There is really no other word to describe the significance of one of Canada’s most important exports and proud ambassadors, Wayne Gretzky.
Known simply as ‘The Great One’, Gretzky dominated the ice hockey world during his 21-year professional career – he holds or shares 61 records in the NHL including most goals, most assists and most points, and is rightly ranked alongside Mohammad Ali, Michael Jordan, Don Bradman and Babe Ruth as one of the greatest sportspeople of all time.
In Sydney for the Wayne Gretzky Ice Hockey Classic, a series of games being played between traditional rivals Canada and the USA to help promote the game as well as raise funds for the StopConcussions Foundation, Gretzky said he was excited and surprised about how the game is developing in Australia.
“I was genuinely shocked – I didn’t anticipate or expect the size of the audience, I didn’t expect the fans to be so engaged with the game itself,” he said.
“If you walked around the arena a little bit, you saw a lot of Canadians who were there who brought their Australian friends – you could tell that people were teaching their friends the game, and talking about the game.”
Gretzky’s passion for the game is palpable. For someone who flies around the world constantly to promote the ice hockey, he’s lost none of his excitement and love for the sport.
“In Canada at three years old, people are learning how to ice skate – it’s just a part of your life in our country,” he said.
“When you’ve got a country like Australia, that’s a little bit behind as far as knowing the game and understanding the game of ice hockey, when people do see it, there’s something intriguing about it. Kids want to play, kids want to try to skate, parents want to watch their kids skate and play hockey – it really is a wonderful sport.”
A growing concern though for parents with children involved in any sport, including ice hockey, are the dangers of head trauma, which is an area seeing an increase in media attention around the world – and it’s a fear Gretzky knows well. The StopConcussions Foundation aims to increase the understanding around the dangers of concussion in sport.
“I have kids, and they participate, whether it’s bike riding, skateboarding, ice hockey, football and you always worry about concussion, so part of what this whole thing does is raise awareness that concussions are part of sport,” he said.
“Secondly it’s about doing some fact-finding and figuring out how we can prevent concussions. And then thirdly, probably more importantly, what we do, and how we treat people when they do get concussions, and that’s what makes this charity so special.”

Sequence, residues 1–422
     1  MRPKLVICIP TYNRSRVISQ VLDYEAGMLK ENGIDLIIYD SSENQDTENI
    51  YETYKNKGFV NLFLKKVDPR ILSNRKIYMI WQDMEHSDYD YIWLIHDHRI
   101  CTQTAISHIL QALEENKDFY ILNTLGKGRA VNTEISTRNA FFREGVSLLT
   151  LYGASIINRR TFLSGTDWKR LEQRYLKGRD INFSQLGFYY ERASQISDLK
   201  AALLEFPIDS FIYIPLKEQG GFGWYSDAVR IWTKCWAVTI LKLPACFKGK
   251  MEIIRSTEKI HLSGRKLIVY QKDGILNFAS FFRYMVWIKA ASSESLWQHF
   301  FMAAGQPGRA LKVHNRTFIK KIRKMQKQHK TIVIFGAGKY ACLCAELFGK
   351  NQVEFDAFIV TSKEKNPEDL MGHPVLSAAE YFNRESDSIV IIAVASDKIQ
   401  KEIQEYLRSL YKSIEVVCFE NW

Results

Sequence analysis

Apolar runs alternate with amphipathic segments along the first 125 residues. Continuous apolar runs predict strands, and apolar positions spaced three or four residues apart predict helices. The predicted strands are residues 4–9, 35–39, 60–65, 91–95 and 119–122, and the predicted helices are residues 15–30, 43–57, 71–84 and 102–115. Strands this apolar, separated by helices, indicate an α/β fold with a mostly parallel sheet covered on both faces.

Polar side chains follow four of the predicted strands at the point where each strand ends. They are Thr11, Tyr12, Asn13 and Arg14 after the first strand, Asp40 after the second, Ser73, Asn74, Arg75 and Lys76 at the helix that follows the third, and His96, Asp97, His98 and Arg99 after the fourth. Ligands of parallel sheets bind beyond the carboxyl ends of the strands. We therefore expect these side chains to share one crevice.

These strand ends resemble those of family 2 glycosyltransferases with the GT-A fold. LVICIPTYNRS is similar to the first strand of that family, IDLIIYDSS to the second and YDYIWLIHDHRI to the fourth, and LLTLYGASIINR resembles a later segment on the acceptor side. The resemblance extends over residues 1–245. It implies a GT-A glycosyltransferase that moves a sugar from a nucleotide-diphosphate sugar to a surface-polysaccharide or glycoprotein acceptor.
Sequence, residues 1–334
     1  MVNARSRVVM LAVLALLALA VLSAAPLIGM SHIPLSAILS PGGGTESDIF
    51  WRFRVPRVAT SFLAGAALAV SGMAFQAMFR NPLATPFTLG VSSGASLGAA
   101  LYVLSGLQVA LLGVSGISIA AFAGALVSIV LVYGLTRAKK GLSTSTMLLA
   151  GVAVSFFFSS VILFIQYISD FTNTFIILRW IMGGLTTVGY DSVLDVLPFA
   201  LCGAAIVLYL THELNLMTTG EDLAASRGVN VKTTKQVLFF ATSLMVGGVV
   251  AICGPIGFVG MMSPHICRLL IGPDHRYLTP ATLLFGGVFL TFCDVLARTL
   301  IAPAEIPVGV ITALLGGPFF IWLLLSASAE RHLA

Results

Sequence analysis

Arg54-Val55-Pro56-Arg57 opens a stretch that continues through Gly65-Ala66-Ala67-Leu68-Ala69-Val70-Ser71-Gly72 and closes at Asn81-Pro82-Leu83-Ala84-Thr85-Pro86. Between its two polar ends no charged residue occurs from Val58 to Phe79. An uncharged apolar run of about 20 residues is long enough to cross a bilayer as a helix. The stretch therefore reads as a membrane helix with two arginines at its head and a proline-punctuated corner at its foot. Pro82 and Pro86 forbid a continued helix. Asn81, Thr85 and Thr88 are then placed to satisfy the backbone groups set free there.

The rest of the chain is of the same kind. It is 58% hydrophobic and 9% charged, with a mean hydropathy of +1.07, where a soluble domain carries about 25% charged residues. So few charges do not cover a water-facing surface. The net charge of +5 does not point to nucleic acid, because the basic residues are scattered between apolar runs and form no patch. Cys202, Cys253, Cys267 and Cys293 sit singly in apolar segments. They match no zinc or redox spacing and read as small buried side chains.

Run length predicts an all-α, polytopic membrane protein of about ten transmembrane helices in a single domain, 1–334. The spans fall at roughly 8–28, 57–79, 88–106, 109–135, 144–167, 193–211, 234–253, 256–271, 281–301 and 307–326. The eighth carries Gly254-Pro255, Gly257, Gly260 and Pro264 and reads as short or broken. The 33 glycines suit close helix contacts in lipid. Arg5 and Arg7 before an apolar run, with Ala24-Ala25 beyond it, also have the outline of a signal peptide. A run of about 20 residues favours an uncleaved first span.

When it comes to the game itself, Gretzky has a rich understanding of the rivalry between the two nations competing in the Ice Hockey Classic, and says while it is definitely a fierce rivalry, it’s one built on mutual respect.
“In the 70s and 80s, the rivalry was really Canada and – at that time – the Soviet Union,” he explained.
“The sport of hockey just kept expanding and getting bigger and bigger in the United States and it really got to a new level when, in 1980, the young American team won Olympic gold, and beat the Soviets, and that really propelled the game of hockey. Consequently some of the better athletes in the country, instead of playing tennis or baseball or golf decided look, I want to try to play ice hockey.
“It’s a different kind of rivalry from the Soviets. We were taught as kids that we weren’t supposed to like communism and Soviet people, and so there was more of a hatred that was sort of built into our brains, which turned out not to be true – once we got to know those kids, they were all good people too, you know. Whereas the American rivalry is different because a lot of guys play together for their club teams, so it’s more of a respectful rivalry.”
This has been Gretzky’s first trip to Australia, and while it has been something of a whirlwind, he has had some time to enjoy the city, including tours of the harbour and Taronga Zoo. One of the biggest highlights, however, was getting a taste of Aussie Rules.
“We got to go visit the ‘Swannies’,” he said, referring to AFL club the Sydney Swans, where the team taught him the ins and outs of the game.
“And that was fun because the players were really nice, and we got to walk around the field and go in the locker room – so I got a chance to do a lot of fun things, so it’s been good.”
After his brief Australian adventure comes to an end, and he will return to his adopted home of the United States, Gretzky is quick to ensure everyone knows where his loyalties lie. Anyone who has seen his emotional press conference after his decision to accept a trade in 1988 which saw him leave the Edmonton Oilers – a team he won four Stanley Cups with – to join the Los Angeles Kings, would know how proud he was to play in Canada.
“Oh, it means everything to me. I wouldn’t have anything if it weren’t for my country,” he said, when asked what Canada means to him.
“I live in California, I have five American kids and an American wife. You know, people ask me what nationality are your kids, and I say, well they were born in the United States – they’re American – I want them to be as proud of the United States of America, which they are, as I am about Canada.
“I’m a Canadian through and through – my Dad calls it ‘God’s Country’. They’re the nicest people you could ever meet – very Commonwealth, and, similar to that of Australia, the people are just genuinely nice and I’m always proud to say I was born in Canada and I’m a Canadian.”